We arrived in Buenos Aires at the beginning of the month with nasty colds. Scratch that plan of diving into Argentina’s tango culture, we were diving straight into bed every day for a week. Once we began feeling good enough to venture outdoors, we visited one of the popular milongas… just to see. The sight of the floor and the sound of tango had us running back home to get ourselves ready for our first night of dancing tango. And so began our immersion into Argentine Tango.
With almost 6 months of tango ahead of us, losing one week to a cold wasn’t too devastating, but we are aware that we need all the time we have to find the milongas we like on any given day, break into those milongas, find dancers/teachers we might be interested in learning from, and learning from those teachers. Some days six months feels like it will last forever, but most days… most days it feels like it will never be enough time.
We are thoroughly enjoying Buenos Aires. It is a beautifully ugly city that has us on our toes at all times. We’re either avoiding being hit by cars, jumping off buses or trains while still moving, or trying not to be ripped off by the locals. We are loving every minute of this experience. For this reason, we are going to start with the one big negative we have that we just read about on Tango Trails. Then we’ll move on. We think it’s a good thing to point out so other foreigners will be aware if and when they visit the city.
Negative Stuff – The Rip Offs
We have been ripped off or almost ripped off twice since we’ve been here (and probably more times that we weren’t aware of). Both times by waiters at two different milongas. The first time, the waitress charged us 9 pesos per coffee (at most, they are usually 5 pesos each). K. called the waitress on it, but the waitress stuck to her guns and K. was too flabbergasted to fight her on it more. Now we are little more experienced and we know we should have asked to see the menu or asked the organizer about it. Although, we witnessed the organizer tell two foreigners that the milonga cost 10 pesos, but when the organizer saw that they came with 12 pesos each from their tour operators, the milonga was all of a sudden 12 pesos!? And let us say that this organizer was the sweetest person ever!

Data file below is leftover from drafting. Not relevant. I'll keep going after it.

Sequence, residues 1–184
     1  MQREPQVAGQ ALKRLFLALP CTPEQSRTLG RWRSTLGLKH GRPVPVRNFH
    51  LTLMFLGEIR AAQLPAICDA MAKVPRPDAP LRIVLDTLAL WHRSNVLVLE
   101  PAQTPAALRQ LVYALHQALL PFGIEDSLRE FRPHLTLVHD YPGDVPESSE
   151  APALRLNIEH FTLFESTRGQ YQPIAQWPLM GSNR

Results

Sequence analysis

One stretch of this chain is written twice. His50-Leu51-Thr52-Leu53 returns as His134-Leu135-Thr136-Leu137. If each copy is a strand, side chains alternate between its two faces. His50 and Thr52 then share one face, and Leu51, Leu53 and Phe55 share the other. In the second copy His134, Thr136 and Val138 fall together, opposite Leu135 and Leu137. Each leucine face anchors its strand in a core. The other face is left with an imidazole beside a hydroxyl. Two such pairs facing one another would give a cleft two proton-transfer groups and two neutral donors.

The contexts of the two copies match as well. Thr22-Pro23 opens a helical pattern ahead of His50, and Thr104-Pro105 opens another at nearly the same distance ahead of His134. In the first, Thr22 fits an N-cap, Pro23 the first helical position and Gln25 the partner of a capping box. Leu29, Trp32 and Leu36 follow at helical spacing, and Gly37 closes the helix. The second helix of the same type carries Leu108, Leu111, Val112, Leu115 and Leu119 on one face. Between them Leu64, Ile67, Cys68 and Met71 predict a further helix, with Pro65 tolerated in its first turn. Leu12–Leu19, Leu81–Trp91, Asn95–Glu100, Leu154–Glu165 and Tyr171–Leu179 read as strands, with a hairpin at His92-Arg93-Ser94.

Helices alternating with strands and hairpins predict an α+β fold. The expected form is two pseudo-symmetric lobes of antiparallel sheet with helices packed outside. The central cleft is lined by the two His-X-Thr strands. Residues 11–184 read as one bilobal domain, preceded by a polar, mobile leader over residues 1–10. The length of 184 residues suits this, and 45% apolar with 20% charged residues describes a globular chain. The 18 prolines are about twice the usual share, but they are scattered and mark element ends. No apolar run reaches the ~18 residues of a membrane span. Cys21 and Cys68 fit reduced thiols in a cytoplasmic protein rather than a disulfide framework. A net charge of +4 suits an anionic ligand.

Rip off number two almost happened again at another milonga. We asked how much our empanadas and water were, knowing that it was 18 pesos, but the waiter said 28!? Right away we said, “nooooo” and we said we had only had one water (even with the extra water, it would have been 24 pesos)… It’s really sad, it’s like a bad stereotype that the Argentineans will cheat and steal from you (the foreigner) if and when they can. It’s so frustrating because then you don’t even want to tip them (even though they gave you good service). However, we do end up tipping them because we know we’ll go back and we want to have good service again. Now we know we have to always be aware of the cost of everything when we order and what we order… It really isn’t good when you feel like you can’t trust anyone here.
Good stuff in Part II coming soon.